whom they considered experts in the field. The history of the last 
century shows that the advice given to governments by bankers, like 
the advice they gave to industrialists, was consistently good for 
bankers but was often disastrous for governments, businessmen and the 
people generally. 
     Such advice could be enforced if necessary by manipulation of 
exchanges, gold flows, discount rates, and even levels of business 
activity. Thus Morgan dominated Cleveland's second administration by 
gold withdrawals, and in 1936-13 French foreign exchange manipulators 
paralyzed the Popular Front governments. The powers of these 
international bankers reached their peak in 1919-1931 when Montagu 
Norman and J.P. Morgan dominated not only the financial world but 
international relations and other matters as well. On Nov. 11, 1927, 
the Wall Street Journal called Mr. Norman "the currency dictator of 
Europe." This was admitted by Mr. Norman who said, "I hold the 
hegemony of the world." 
     The conflict of interests between bankers and industrialists has 
resulted in the subordination of the bankers (after 1931) to the 
latter by the adoption of "unorthodox financial policies" - that is, 
financial policies not in accordance with the short-run interests of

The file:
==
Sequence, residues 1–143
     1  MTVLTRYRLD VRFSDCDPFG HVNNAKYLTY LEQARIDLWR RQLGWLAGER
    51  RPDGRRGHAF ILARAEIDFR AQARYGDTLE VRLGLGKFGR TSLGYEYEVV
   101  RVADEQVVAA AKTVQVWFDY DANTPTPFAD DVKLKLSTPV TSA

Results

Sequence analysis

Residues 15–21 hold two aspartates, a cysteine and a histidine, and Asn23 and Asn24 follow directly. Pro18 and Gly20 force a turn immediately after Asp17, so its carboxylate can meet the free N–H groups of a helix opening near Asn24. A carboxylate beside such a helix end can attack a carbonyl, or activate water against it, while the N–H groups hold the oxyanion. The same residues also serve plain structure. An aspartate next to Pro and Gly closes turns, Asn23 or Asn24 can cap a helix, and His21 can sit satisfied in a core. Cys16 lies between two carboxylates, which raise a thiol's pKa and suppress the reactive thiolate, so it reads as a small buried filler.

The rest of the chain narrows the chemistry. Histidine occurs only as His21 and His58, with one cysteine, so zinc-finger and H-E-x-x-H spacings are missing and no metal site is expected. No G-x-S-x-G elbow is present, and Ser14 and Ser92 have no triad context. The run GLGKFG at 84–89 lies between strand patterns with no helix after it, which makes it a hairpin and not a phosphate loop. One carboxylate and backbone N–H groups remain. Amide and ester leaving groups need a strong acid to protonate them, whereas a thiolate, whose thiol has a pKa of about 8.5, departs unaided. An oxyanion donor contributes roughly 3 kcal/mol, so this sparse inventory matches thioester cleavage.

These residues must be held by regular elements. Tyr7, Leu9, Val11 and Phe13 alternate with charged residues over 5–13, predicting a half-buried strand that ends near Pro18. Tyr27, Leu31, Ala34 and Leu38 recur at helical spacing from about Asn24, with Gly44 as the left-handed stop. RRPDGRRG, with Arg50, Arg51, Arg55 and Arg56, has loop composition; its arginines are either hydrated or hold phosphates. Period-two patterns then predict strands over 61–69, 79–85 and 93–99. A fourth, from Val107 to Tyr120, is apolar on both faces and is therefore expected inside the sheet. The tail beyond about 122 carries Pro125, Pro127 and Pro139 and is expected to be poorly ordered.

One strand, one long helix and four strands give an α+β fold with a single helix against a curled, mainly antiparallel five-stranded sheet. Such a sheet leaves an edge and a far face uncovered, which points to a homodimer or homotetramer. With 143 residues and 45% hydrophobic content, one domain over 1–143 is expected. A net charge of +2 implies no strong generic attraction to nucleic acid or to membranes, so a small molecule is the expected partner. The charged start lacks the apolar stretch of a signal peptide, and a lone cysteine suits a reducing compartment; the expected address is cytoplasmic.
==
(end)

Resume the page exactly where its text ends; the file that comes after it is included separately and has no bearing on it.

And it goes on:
the bankers. 
Page 71
     The civil service reform began in the federal government with the 
Pendleton Bill of 1883. As a result, the government was controlled 
with varying degrees of completeness by the forces of investment 
banking and heavy industry from 1884 to 1933. Popularly known as 
"Society," or the "400," they lived a life of dazzling splendor.  
Page 72
     The structure of financial control created by the tycoons of "Big 
Banking" and "Big Business" in the period 1880-1933 was of 
extraordinary complexity, one business fief being built upon another, 
both being allied with semi-independent associates, the whole rearing 
upward into two pinnacles of economic and financial power, of which 
one, centered in New York, was headed by J.P. Morgan and Company, and 
the other, in Ohio, was headed by the Rockefeller family. When these 
two cooperated, as they generally did, they could influence the 
economic life of the country to a large degree and could almost 
control its political life, at least on the federal level. 
     The influence of these business leaders was so great that the 
Morgan and Rockefeller groups acting together, or even Morgan acting 
alone, could have wrecked the economic system of the country merely by 
throwing securities on the stock market for sale, and having 
precipitated a stock market panic, could then have bought back the 
securities they had sold but at a lower price. Naturally, they were 
not so foolish as to do this, although Morgan came very close to it in 
precipitating the "panic of 1907," but they did not hesitate to wreck 
individual corporations, at the expense of holders of common stock, by 
driving them to bankruptcy. In this way, Morgan wrecked the New York, 
New Haven and Hartford railroad before 1914 and William Rockefeller 
wrecked the Chicago, Milwaukee, St. Paul and Pacific Railroad before 
Page 73
     The discovery by financial capitalists that they made money out